The twentieth century turned Western civilization upside down. Wars and upheavals resurrected the dark ages. It was extremely violent, perhaps the most violent era in history.
War was especially virulent and, twice, it wrecked Europe and the world. It took the form of asphyxiating soldiers with neurotoxic agents, incinerating cities by bombing, genocide, destruction of villages and the slaughtering of farm animals, famine, ecocide and blasting two Japanese cities with atomic weapons. This kind of ferocious warfare was probably the result of failing to tame the factory civilization of the nineteenth century.
The two world wars of the twentieth century killed close to 80 million people and left a terrible legacy for the future of humanity.
Mechanical and chemical and pharmaceutical factories were devastating the land and poisoning people on a massive scale. Skies were turning black; rivers were catching fire; pollution from the factories was contaminating lakes and rivers. Birds and fish were dying.
However, the ruling class of factory owners, bankers, mechanized farmers — gulping down the small family farms of their neighbors — thought they lived in a golden age. They cared less about the repetitive work that crippled factory workers or about children working long hours for practically nothing in unsanitary conditions.
Charlie Chaplin, a British comedian who entertained America in the early decades of the twentieth century, caught the reality and spirit of this heartless and barbarous age in his 1936 silent movie masterpiece Modern Times.
Behind the sadness and laughter of depicting the thoughtless and cruel methods of factory work and extremely efficient brutality of police, Chaplin explored political, economic and ecological alternatives. He was a genius who played the role of Aristophanes.
Modern Times still speaks to us, warning about inequality, hunger, using workers like cattle, the dangers of monotonous work and automation, especially now that Artificial Intelligence threatens to destroy all possibilities of workers making a living.
The Russian and Chinese Revolutions
The Russian and Chinese revolutions grew out of that injustice. They started before Chaplin took a picture of the conditions that made them possible.
The Russian Revolution broke out during WWI, in 1917. The Chinese Revolution lasted for several decades, fighting its last battles during WWII. It liberated China in 1949.
The revolutionaries in Russia and China were right in defeating oppression and centuries of humiliation. But in their rush to revenge past wrongs, they adopted Marxism, making it official ideology that resembled religion in its dogmas and application.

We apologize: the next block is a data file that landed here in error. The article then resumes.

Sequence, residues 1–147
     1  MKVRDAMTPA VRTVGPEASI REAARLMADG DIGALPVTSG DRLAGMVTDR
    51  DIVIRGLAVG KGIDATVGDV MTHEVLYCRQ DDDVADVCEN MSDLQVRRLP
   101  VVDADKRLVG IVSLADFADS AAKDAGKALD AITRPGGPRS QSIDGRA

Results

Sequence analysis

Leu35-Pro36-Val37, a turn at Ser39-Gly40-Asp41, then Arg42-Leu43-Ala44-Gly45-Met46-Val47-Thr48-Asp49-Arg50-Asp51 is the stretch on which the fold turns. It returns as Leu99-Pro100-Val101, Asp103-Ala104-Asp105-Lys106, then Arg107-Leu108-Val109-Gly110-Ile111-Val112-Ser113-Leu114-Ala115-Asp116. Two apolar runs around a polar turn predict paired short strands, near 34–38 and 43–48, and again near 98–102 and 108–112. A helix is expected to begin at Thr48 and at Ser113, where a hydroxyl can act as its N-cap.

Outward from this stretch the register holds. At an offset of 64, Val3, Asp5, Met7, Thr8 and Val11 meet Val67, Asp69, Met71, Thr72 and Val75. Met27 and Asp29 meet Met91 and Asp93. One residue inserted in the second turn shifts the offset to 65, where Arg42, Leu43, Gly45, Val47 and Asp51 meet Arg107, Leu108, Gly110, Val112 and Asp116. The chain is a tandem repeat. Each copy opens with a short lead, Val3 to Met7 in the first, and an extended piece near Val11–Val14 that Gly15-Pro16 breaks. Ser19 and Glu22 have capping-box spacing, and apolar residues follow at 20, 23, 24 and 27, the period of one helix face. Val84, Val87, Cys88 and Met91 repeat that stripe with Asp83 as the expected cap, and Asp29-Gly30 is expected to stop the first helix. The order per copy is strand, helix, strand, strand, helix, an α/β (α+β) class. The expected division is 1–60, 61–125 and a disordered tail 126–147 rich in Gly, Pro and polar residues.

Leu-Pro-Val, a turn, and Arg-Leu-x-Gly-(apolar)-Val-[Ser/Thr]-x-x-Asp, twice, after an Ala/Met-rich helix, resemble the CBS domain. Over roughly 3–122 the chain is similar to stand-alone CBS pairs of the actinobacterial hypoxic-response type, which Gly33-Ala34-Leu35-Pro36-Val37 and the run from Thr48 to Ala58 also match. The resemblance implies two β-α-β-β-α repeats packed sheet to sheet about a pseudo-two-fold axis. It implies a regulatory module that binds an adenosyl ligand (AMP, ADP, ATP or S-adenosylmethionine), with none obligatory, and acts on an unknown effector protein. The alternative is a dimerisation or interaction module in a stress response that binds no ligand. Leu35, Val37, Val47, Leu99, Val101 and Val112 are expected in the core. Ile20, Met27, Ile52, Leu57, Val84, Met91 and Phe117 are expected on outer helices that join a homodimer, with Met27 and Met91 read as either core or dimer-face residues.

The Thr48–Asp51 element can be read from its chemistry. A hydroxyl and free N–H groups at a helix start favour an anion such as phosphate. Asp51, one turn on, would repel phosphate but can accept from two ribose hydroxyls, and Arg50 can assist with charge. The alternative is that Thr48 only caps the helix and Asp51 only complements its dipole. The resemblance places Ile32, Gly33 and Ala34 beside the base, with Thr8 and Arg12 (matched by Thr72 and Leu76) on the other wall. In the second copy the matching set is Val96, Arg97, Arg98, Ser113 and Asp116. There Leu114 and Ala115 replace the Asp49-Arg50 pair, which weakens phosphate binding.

Karl Marx was a nineteenth century German Jewish intellectual who found his mission in Greek philosophy. He wrote his doctoral thesis on Epicurus, a Greek philosopher who flourished during late fourth and early third centuries BCE. Epicurus adopted the atomic theory of Democritus and tried to get superstition out of human affairs. He lived simply and communally in his Garden-School in Athens with like-minded people.
Marx translated the ideas of Epicurus for his age. He wrote extensively on how people earn a living under capitalism. In the Communist Manifesto, 1848, and Capital, 1887, and numerous other works, he developed a theory and an insightful and revealing economic history of capitalism. Students of Marx speak of Marxism, which includes the ideas of Marx, his works, and his influence.
Marxism is a Western philosophical and economic critique of capitalism, the prevailing worldwide economic system primarily benefitting the rich and corporations.
However, Russian and Chinese revolutionaries did not have the time or appetite for details. They wanted the capitalists dead and, furthermore, they wanted to convert the world to their newly discovered gospel of Marxism.
They started cleansing their countries of non-Marxist ideas and institutions. They brought utter destruction to everyone and everything that did not fit in the theory, agenda and politics of Marxism.
The Russians renamed their country Union of Soviet Socialist Republics. They attacked Christianity, though unsuccessfully. They tried, but failed, to create an equal society. The Communist Party became the new ruling class. And their Marxist mechanization of the industry included agriculture, which, perversely, copied the capitalist model of creating factories in the field. This proved lethal to traditional peasant culture and wisdom.
The Chinese learned from the Russian Marxists. They, too, attacked peasant traditions, causing considerable damage to ancient Chinese civilization.
Capitalist Europe and America did not like the revolutions in Russia and China. They tried suppressing them. Then World War II happened, destabilizing Europe and pushing it further to a hungry dark killing continent.
America was the only world power that benefitted from WWII. With the exception of the damage from the Japanese air attack on the fleet in Hawaii, the country was invulnerable to foreign invasion.
The war and the rare and happy coincidence of a great man in the presidency, Franklin D. Roosevelt, temporarily brought capitalism under state control, diminishing the greed of corporate capital, directing it in the war effort to defeat Germany and Japan.
Germany posed such a threat that capitalist Europe (imperial England) and America embraced communist Russia. The defeat of Germany cost Russia dearly: about 30 million dead.